The EU’s controversial trade deal with South America’s economic bloc has been thrown into doubt after Austrian MPs demanded a veto.
The MPs voted to force their government to block the deal in protest at the rising deforestation to create more farmland in the Amazon region.
As well as other products, the proposed deal, announced in June, included a commitment to reduce tariffs on thousands of tonnes of agricultural imports.
The plan was to import 99,000t/year of beef from Brazil, Argentina, Uruguay and Paraguay, which make up the Southern Common Market (Mercosur) trade bloc.
Under the proposals, beef would be imported at a lower tariff rate, or tariff rate quota (TRQ), of about 7.5% for fresh and chilled product. The EU also aimed to offer Mercosur TRQs for poultry, sugar, ethanol, eggs, pork and sheepmeat.
In return, EU member states wanted to be allowed to send dairy products to Mercosur countries at a lower tariff.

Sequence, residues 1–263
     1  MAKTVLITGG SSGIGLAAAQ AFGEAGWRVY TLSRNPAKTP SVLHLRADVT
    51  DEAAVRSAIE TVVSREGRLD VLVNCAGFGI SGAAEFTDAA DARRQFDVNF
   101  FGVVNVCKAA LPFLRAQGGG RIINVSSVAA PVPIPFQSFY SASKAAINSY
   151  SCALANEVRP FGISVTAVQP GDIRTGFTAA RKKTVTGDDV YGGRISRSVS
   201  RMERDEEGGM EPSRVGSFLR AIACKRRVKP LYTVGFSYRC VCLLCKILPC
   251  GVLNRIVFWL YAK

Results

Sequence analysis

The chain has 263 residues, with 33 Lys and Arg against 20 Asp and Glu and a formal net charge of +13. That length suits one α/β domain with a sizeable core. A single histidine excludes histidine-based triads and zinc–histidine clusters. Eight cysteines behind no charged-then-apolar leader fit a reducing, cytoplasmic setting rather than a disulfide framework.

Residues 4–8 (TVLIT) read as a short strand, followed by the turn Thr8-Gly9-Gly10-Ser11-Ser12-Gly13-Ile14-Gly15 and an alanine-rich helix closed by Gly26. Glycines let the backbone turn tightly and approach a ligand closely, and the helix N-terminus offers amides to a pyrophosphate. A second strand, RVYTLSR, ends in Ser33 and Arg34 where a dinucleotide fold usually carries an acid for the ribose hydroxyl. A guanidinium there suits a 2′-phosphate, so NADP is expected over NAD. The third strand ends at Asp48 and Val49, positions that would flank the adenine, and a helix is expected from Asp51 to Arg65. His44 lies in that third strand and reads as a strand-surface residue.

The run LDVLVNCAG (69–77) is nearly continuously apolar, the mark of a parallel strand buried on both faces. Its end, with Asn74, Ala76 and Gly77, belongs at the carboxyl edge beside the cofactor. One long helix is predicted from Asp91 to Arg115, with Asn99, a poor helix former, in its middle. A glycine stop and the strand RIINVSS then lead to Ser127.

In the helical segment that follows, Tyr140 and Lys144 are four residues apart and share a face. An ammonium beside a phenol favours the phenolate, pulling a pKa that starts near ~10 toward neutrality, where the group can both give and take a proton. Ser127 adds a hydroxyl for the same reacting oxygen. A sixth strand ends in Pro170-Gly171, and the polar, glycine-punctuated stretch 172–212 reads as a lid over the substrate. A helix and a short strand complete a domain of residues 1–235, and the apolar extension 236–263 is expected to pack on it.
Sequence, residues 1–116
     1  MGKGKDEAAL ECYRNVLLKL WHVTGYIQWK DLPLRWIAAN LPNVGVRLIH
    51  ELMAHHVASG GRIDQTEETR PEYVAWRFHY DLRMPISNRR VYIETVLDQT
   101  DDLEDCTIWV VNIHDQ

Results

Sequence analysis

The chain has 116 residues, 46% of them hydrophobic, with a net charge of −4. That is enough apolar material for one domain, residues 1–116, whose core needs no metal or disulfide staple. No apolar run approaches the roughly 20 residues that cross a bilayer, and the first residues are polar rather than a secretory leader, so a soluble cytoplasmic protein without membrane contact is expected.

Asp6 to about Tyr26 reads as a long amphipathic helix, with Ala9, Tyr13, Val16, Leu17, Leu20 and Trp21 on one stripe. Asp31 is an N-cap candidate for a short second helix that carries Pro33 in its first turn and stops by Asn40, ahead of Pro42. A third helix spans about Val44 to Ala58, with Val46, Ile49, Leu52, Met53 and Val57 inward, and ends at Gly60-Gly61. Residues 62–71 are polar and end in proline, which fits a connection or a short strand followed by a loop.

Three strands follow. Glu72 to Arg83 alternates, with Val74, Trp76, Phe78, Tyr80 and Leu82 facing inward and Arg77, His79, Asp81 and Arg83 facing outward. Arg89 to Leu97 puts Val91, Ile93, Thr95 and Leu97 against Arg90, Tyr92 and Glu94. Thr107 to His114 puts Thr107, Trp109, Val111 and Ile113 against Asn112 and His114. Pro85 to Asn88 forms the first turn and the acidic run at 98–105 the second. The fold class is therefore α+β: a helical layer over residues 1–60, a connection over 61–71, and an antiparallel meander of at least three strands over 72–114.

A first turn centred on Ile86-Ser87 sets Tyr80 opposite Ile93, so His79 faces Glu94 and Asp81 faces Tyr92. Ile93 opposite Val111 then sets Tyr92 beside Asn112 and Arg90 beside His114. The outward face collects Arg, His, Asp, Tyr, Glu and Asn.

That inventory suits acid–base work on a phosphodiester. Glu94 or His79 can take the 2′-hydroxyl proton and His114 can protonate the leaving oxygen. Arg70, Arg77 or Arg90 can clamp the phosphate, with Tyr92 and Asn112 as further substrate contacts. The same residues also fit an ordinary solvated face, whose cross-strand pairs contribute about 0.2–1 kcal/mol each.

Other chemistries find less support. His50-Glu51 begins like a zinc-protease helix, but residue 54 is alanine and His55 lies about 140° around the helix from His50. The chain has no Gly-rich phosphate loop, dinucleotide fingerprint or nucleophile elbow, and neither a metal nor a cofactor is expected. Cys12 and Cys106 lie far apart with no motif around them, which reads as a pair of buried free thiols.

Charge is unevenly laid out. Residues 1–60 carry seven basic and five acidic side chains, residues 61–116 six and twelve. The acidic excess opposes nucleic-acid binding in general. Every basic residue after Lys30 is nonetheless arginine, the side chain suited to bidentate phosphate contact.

But the agreement sparked fury among EU farmers, who feared the influx of cheap food would undermine prices.
The Irish Farmers Association staged protests outside the EU Commission office in Dublin, accusing Brussels of a sell-out.
At that time, NFU international trade adviser Tori Morgan said the deal would expose high-quality British beef to unfair competition from meat produced with lower standards and costs.
“Even though the quota is for hormone-free beef, it will not be produced to our much higher quality, welfare and environmental standards,” Ms Morgan said.
“We are calling on the EU Commission to grant beef, sugar and poultrymeat sensitive status to allow us to trade on equal terms.”
What is a tariff rate quota?
Tariff rate quotas exist within a wider tariff regime.They allow a lower import tariff to be applied to a specified quantity of a product, usually as part of a reciprocal deal. Any product traded above that quantity continues to attract the higher rate.